Attracting the Right CEO

Leadership StrategiesSuccession PlanningBoard and CEO AdvisoryExecutive Search
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八月 27, 2018
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Leadership StrategiesSuccession PlanningBoard and CEO AdvisoryExecutive Search

Directors & Boards

In the Directors & Boards article, “Attracting the Right CEO,” Russell Reynolds Associates Consultant Constantine Alexandrakis provides tips for struggling companies to appeal to the right kind of CEO. The article is excerpted below. 

Following a massive cyber attack at credit-monitoring behemoth Equifax late last year, the company’s long-time CEO retired, an interim chief was installed, and the search for his successor began. 


How did Equifax land Begor? The Wall Street Journal reported that Russell Reynolds Associates was the headhunting firm behind the placement, but a company official would not confirm or deny the story. 

That said, Russell Reynolds’ Constantine Alexandrakis, leader of the firm’s U.S. business and its global leadership & succession practice, did agree to talk to Directors & Boards about how boards of troubled companies and beyond can attract the top C-suite talent.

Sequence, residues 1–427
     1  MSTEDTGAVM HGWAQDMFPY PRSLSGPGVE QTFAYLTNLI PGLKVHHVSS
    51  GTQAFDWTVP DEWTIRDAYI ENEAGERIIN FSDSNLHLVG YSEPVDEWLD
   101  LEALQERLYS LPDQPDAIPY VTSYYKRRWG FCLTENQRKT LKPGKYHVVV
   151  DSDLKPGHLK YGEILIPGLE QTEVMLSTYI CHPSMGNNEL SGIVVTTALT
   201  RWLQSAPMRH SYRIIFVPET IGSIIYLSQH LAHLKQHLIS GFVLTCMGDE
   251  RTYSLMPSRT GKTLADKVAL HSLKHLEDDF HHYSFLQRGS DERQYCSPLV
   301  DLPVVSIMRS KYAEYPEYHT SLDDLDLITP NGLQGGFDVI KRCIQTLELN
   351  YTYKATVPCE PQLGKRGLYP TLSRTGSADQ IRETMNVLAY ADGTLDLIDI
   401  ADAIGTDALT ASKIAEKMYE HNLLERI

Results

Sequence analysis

“The fundamental rule is that no strong and dynamic leader wants to be a caretaker CEO. He or she — it’s in their DNA — will inherently want to go into a situation and drive growth, change, transformation and disruption,” he explains. 

Directors should not be discouraged by the size of the challenge a company may be facing when trying to find top talent for the corner office. They must focus on an organization’s opportunities and the challenges, Alexandrakis stresses, “that a CEO with the right toolkit would be excited to take on.” 


It’s also critical for the board to be pretty united and specific before they even start talking to candidates, stressed Russell Reynolds’ Constantine Alexandrakis. 


“Our data shows that boards and others tend to gravitate to leaders that demonstrate the loud characteristics; that heroic approach to business and being able to galvanize the troops,” Alexandrakis explains, while shying away from the quieter person. But directors need to balance the disruptive with the pragmatic. 

He suggests finding a leader who is heroic and vulnerable, someone who is able to balance galvanizing the troops with taking a back seat to the team, letting them drive things. “You want someone to bring everyone together, drive energy and new thinking for the company, but you also want someone who can empathize with people and be thoughtful of the bumps in the road.” 

To read the full article, click here.